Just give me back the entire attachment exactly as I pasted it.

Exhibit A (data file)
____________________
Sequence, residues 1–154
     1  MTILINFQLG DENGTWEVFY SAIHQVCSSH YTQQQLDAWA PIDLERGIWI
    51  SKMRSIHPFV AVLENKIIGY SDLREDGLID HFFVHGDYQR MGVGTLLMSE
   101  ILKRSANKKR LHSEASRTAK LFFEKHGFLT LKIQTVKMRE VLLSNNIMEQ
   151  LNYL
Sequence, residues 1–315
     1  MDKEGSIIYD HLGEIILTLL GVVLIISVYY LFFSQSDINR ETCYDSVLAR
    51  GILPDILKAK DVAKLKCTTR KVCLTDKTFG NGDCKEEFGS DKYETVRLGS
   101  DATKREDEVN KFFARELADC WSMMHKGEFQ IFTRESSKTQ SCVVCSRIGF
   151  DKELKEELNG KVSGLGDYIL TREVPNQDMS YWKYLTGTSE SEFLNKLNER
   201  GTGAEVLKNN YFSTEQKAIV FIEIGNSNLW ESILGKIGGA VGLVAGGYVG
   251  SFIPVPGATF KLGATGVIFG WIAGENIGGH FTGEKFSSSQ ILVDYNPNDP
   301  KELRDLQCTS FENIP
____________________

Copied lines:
Sequence, residues 1–154
     1  MTILINFQLG DENGTWEVFY SAIHQVCSSH YTQQQLDAWA PIDLERGIWI
    51  SKMRSIHPFV AVLENKIIGY SDLREDGLID HFFVHGDYQR MGVGTLLMSE
   101  ILKRSANKKR LHSEASRTAK LFFEKHGFLT LKIQTVKMRE VLLSNNIMEQ
   151  LNYL
Sequence, residues 1–315
     1  MDKEGSIIYD HLGEIILTLL GVVLIISVYY LFFSQSDINR ETCYDSVLAR
    51  GILPDILKAK DVAKLKCTTR KVCLTDKTFG NGDCKEEFGS DKYETVRLGS
   101  DATKREDEVN KFFARELADC WSMMHKGEFQ IFTRESSKTQ SCVVCSRIGF
   151  DKELKEELNG KVSGLGDYIL TREVPNQDMS YWKYLTGTSE SEFLNKLNER
   201  GTGAEVLKNN YFSTEQKAIV FIEIGNSNLW ESILGKIGGA VGLVAGGYVG
   251  SFIPVPGATF KLGATGVIFG WIAGENIGGH FTGEKFSSSQ ILVDYNPNDP
   301  KELRDLQCTS FENIP